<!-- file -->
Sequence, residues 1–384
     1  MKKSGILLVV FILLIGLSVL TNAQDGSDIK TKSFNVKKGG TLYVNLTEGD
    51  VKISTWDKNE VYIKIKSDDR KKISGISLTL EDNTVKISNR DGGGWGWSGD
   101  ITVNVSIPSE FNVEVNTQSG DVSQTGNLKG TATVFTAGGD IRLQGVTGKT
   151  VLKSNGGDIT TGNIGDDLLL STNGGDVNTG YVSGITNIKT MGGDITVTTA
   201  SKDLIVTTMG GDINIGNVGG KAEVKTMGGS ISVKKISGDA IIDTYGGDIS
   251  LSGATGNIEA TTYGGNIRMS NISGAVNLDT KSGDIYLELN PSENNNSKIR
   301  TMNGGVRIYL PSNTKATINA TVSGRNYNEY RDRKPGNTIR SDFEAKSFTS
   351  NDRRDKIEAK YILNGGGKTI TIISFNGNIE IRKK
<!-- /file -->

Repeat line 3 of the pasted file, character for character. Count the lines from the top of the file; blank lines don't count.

    51  VKISTWDKNE VYIKIKSDDR KKISGISLTL EDNTVKISNR DGGGWGWSGD